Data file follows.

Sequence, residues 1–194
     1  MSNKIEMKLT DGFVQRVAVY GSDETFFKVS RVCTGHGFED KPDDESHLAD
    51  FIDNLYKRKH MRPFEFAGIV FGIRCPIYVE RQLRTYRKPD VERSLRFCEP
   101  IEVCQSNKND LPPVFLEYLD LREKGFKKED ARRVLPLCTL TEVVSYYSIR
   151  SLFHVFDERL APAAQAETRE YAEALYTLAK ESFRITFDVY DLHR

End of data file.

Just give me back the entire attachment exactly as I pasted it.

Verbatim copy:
Sequence, residues 1–194
     1  MSNKIEMKLT DGFVQRVAVY GSDETFFKVS RVCTGHGFED KPDDESHLAD
    51  FIDNLYKRKH MRPFEFAGIV FGIRCPIYVE RQLRTYRKPD VERSLRFCEP
   101  IEVCQSNKND LPPVFLEYLD LREKGFKKED ARRVLPLCTL TEVVSYYSIR
   151  SLFHVFDERL APAAQAETRE YAEALYTLAK ESFRITFDVY DLHR